The only people and groups which benefit from Australia’s superannuation system are the funds and their corporate and union stakeholders, according to the Council of Small Business Organisations of Australia (COSBOA).
In a follow-up submission to the Productivity Commission inquiry into superannuation competitiveness and efficiency the COSBOA has reinforced its argument that employers should either be removed from the superannuation guarantee (SG) collection process or be paid for the work they do in ensuring payment of SG contributions.
The submission described the obligation on employers to pay the guarantee as a “forced arrangement”.
“… this forced arrangement combined with the nature of the make-up of superannuation funds has created a collection process that creates confusion and inefficiencies for business and superannuation funds as well as for members of funds,” it said.
“It also provides opportunities for vested interests to manipulate the system to their advantage and to the disadvantage of members in their funds as well as to the employers forced to collect their contributions,” the submission said. “Indeed, the only individuals in the system who do not get paid for the work they do is the small business person who is also the only person who can get fined.”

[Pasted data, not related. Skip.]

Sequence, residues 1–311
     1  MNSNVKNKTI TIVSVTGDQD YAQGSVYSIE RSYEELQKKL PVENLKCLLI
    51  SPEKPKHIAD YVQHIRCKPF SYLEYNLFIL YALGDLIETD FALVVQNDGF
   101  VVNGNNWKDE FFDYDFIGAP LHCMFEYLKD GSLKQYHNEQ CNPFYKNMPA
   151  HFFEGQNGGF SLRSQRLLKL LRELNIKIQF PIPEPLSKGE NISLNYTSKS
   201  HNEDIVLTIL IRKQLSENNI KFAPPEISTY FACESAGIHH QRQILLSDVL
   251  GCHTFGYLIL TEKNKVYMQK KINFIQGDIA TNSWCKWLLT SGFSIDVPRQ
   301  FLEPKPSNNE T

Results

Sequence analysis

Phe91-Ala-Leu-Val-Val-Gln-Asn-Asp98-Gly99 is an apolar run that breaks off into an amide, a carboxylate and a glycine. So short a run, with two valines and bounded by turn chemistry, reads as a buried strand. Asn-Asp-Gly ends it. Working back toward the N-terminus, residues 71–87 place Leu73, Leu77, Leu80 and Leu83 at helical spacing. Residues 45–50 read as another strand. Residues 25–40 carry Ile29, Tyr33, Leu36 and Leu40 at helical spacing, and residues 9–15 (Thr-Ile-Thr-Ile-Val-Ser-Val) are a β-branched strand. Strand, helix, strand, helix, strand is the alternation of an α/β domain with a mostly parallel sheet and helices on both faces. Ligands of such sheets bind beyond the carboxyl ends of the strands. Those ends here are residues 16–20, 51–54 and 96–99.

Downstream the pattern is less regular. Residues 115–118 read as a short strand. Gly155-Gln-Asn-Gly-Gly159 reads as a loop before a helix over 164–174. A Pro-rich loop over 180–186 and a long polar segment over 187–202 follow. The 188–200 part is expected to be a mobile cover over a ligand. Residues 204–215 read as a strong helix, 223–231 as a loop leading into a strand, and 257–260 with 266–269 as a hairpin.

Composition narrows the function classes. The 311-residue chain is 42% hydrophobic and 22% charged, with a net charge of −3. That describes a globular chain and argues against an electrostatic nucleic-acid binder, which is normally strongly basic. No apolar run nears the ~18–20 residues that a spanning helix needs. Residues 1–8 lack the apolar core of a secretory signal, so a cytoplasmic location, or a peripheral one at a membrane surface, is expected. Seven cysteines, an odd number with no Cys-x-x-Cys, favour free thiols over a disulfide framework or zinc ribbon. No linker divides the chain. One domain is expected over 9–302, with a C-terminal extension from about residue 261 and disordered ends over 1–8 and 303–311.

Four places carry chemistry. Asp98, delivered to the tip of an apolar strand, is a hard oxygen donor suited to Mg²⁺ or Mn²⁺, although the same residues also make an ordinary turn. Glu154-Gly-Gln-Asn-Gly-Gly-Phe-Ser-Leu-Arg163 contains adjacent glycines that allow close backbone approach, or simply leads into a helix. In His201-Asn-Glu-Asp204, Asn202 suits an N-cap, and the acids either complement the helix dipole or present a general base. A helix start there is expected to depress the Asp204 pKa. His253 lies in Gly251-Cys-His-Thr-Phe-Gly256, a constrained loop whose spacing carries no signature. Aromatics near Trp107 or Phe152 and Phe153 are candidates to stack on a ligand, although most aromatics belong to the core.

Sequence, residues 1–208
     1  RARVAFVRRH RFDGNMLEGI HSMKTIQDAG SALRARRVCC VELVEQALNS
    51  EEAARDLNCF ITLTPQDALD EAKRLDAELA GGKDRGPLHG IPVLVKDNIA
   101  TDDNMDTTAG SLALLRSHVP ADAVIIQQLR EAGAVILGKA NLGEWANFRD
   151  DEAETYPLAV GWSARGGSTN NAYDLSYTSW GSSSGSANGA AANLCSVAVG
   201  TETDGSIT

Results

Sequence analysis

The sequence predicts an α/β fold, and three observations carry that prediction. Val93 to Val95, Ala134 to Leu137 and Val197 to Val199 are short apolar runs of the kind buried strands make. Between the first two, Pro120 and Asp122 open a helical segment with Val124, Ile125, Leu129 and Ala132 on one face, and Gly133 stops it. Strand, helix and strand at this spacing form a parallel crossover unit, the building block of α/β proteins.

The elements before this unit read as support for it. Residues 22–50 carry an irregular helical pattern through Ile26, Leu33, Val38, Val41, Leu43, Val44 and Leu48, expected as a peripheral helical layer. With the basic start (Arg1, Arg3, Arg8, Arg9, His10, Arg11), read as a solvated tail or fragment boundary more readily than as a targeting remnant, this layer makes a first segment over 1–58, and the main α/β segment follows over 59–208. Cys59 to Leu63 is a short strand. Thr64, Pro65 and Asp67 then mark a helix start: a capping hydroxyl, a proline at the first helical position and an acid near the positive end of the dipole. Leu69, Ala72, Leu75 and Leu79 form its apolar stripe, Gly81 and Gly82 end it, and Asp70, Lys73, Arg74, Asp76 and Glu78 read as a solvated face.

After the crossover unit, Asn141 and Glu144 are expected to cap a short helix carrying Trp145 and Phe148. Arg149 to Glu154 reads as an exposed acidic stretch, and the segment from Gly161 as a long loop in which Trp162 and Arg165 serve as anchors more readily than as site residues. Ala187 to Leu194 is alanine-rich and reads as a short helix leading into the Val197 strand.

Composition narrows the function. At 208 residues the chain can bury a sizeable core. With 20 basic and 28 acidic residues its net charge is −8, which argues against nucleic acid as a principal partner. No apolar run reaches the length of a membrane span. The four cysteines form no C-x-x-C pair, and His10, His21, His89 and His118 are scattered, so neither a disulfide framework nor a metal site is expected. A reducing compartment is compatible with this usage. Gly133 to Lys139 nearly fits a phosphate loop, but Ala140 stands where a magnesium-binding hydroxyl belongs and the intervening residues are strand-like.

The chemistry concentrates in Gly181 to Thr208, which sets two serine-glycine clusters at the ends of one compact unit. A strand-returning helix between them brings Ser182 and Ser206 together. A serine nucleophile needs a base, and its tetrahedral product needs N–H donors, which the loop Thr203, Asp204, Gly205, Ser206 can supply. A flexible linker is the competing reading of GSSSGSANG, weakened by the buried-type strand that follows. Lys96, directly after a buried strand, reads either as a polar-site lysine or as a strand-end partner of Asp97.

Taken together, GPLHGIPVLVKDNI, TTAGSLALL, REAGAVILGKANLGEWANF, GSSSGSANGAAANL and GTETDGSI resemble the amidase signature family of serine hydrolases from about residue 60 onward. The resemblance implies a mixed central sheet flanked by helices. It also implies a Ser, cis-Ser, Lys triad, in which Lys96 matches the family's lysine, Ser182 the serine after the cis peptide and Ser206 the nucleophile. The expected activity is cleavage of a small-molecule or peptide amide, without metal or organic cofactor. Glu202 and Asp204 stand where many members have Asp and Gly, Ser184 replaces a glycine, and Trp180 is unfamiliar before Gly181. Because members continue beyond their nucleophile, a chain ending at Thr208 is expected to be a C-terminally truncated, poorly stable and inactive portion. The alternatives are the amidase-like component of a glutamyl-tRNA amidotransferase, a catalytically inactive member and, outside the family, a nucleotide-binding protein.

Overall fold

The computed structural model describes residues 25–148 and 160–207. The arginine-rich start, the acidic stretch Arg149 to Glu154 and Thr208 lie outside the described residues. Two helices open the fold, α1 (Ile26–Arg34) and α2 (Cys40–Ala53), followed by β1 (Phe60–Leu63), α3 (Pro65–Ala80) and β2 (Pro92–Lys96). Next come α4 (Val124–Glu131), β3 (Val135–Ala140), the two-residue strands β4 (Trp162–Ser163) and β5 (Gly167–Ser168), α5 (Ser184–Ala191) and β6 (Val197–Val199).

“Furthermore, as discussed at the hearing, we believe the current threshold for payment of superannuation has been set at $450 earnings over a period of a month (in most cases) since the inception of the Superannuation Guarantee.,” it said. “This was originally determined based on the tax-free threshold; that threshold has now risen from what was around $5,000 to over $18,000.”
It said that, on this basis, the threshold had to rise to match that increase.
“We do note however that under our proposal to remove employers from the collection process that the idea of a threshold for earnings for superannuation to be paid becomes redundant,” the submission said. “We would like to reinforce that the current superannuation collection process is overly complicated and lacking in transparency for employers and employees. It seems that the only people or groups who benefit from the system are the funds and their corporate and union stakeholders.”